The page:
- Within three to four years, antibiotics important to human medicine will not be permitted to be administered to food animals for the purposes of growth promotion (FDA Guidance 209 and 213; note: exact timing depends on the final issuance of the FDA guidelines, expected in 2013).
- The FDA has issued a limit on the total sales of antibiotics critical to human medicine, such as fluoroquinolone and cephalosporin, to the food animal industry.
- Pig farmers work closely with veterinarians regarding decisions about antibiotic use. They have a natural incentive to prevent the time, labor and expense associated with administering antibiotics to their herds, so farmers want to provide such health products only when pigs are most susceptible to illness or when they are sick.
The U.S. Department of Agriculture (USDA) Food Safety and Inspection Service (FSIS) monitors and tests meat to ensure no unsafe antibiotic residues enter the food supply.
Pig farmers embrace ongoing training,
employee certification and continuous improvement.
At the national and state levels, organizations representing the country’s pig farmers work proactively and continuously to improve farming methods by funding and promoting best practices, new technology and research. Pork Quality Assurance® Plus (PQA Plus®) is the pork industry’s flagship education and training program. PQA Plus is a comprehensive, science-based program that covers a wide array of farming practices, including the responsible use of antibiotics. To date, more than 55,000 individuals are certified through PQA Plus and more than 18,000 farms have undergone an on-site evaluation of animal care practices.
Q. Why are antibiotics used in pigs?
A: Appropriate antibiotic use keeps animals healthy, just as the use of these types of medications can advance the health of people. The consensus among animal agriculture experts is that healthy pigs are directly related to a safer food supply.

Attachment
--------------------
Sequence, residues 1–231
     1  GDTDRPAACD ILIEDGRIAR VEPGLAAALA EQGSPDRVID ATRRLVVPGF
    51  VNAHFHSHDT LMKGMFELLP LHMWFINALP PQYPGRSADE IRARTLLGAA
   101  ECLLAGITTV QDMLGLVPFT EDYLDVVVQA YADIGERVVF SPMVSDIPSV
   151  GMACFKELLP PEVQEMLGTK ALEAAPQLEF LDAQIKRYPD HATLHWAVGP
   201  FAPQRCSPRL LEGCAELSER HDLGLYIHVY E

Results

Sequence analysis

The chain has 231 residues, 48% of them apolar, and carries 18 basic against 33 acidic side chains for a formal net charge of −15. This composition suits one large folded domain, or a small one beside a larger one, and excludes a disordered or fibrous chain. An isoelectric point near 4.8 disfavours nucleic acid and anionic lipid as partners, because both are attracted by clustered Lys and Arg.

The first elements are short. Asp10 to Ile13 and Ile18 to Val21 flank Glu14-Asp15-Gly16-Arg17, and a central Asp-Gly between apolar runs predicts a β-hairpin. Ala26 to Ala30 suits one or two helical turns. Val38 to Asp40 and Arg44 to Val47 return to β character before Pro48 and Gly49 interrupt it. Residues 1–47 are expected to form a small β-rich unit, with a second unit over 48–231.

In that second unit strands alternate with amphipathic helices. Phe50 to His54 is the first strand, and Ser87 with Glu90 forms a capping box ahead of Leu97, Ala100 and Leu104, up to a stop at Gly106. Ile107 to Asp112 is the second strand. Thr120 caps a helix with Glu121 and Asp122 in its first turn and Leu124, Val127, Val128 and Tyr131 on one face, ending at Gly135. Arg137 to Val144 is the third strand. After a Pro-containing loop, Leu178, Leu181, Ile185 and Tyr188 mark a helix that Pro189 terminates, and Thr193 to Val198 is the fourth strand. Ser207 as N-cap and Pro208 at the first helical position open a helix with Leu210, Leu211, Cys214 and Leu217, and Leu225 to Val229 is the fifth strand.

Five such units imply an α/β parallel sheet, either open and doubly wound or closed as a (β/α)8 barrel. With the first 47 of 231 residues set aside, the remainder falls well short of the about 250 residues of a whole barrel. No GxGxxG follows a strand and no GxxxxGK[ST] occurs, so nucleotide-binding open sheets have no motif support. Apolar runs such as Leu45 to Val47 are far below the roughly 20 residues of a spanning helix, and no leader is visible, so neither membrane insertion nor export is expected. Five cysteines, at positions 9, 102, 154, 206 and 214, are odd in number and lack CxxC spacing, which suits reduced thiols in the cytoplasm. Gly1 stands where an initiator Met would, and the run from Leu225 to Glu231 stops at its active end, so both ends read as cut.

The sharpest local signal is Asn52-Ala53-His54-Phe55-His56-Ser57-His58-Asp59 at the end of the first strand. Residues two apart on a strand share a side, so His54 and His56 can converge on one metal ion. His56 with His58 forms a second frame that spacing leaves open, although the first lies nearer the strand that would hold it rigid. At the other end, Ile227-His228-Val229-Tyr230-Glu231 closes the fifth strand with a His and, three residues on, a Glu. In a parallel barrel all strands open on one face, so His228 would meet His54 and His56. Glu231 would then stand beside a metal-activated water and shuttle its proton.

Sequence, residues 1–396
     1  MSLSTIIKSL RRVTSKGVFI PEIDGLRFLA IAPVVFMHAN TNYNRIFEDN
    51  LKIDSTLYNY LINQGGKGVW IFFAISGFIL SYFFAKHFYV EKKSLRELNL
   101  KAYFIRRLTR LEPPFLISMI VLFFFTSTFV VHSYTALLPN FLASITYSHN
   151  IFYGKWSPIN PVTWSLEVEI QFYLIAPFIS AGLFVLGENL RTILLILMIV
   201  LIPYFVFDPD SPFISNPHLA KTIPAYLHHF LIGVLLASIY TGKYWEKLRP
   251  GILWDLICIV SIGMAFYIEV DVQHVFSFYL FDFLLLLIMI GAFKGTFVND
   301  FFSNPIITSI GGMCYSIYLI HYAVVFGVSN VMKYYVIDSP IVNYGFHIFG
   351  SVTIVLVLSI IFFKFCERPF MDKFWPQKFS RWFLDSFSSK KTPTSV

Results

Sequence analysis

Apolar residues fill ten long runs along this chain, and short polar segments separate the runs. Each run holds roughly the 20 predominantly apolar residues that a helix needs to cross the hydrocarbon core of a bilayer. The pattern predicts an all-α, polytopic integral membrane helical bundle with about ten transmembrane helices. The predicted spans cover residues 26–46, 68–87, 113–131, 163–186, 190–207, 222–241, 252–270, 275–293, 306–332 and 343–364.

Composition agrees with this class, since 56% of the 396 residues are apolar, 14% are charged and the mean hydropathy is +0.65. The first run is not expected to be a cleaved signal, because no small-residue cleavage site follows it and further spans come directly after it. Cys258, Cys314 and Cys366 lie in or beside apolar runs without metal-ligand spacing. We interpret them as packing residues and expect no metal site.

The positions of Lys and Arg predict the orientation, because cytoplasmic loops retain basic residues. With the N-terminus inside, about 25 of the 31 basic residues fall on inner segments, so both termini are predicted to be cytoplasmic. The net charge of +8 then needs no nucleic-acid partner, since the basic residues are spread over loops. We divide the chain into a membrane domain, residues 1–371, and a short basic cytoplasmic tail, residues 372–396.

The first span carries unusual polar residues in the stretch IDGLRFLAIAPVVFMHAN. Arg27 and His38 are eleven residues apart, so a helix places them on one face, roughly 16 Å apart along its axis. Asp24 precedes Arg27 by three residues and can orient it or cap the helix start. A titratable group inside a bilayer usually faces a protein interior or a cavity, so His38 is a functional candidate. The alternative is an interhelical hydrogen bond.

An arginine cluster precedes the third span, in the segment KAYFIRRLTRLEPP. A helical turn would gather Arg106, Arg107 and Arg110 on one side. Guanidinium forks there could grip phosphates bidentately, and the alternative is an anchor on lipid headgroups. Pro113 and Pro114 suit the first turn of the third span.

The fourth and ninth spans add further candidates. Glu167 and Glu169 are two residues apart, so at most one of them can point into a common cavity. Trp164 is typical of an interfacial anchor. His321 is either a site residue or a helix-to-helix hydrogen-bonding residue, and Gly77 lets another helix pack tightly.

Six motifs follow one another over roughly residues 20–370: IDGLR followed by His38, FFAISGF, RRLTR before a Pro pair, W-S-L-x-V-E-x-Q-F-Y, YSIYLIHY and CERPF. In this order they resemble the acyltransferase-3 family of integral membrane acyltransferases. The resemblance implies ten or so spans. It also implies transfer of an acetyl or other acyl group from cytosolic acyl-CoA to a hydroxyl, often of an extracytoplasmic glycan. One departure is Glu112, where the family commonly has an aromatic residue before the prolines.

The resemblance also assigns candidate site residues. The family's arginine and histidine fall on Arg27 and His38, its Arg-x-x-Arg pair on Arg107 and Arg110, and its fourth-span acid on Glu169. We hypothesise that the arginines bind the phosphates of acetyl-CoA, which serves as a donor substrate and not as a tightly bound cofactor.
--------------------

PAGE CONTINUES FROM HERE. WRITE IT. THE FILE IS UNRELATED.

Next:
Q. How are antibiotics used in pork production?
A: Antibiotics are administered to animals to protect their health and well-being, which helps ensure food safety and public health. Only antibiotics approved by the FDA are used in pigs, and farmers work closely with veterinarians to decide which antibiotics to use to treat, prevent and control disease and improve feed efficiency, which allows pigs to grow healthier and better on less feed.
Q. What is the industry’s position on the use of antibiotics in pork production?
A: The National Pork Board believes responsible use of antibiotics is essential not only to animal health and well-being but also to public health and the safety of the food chain. Decisions affecting antibiotic usage should be based on sound science and what is best for animal and human health.
Q. Aren’t antibiotics in feed used only by farmers of larger operations?
A: A 2000 survey conducted by the National Animal Health Monitoring System (NAHMS) determined the use of antibiotics was not related to the size of operation. In fact, a similar percentage of small farms and large farms were found using antibiotics in feed. More NAHMS information can be found here.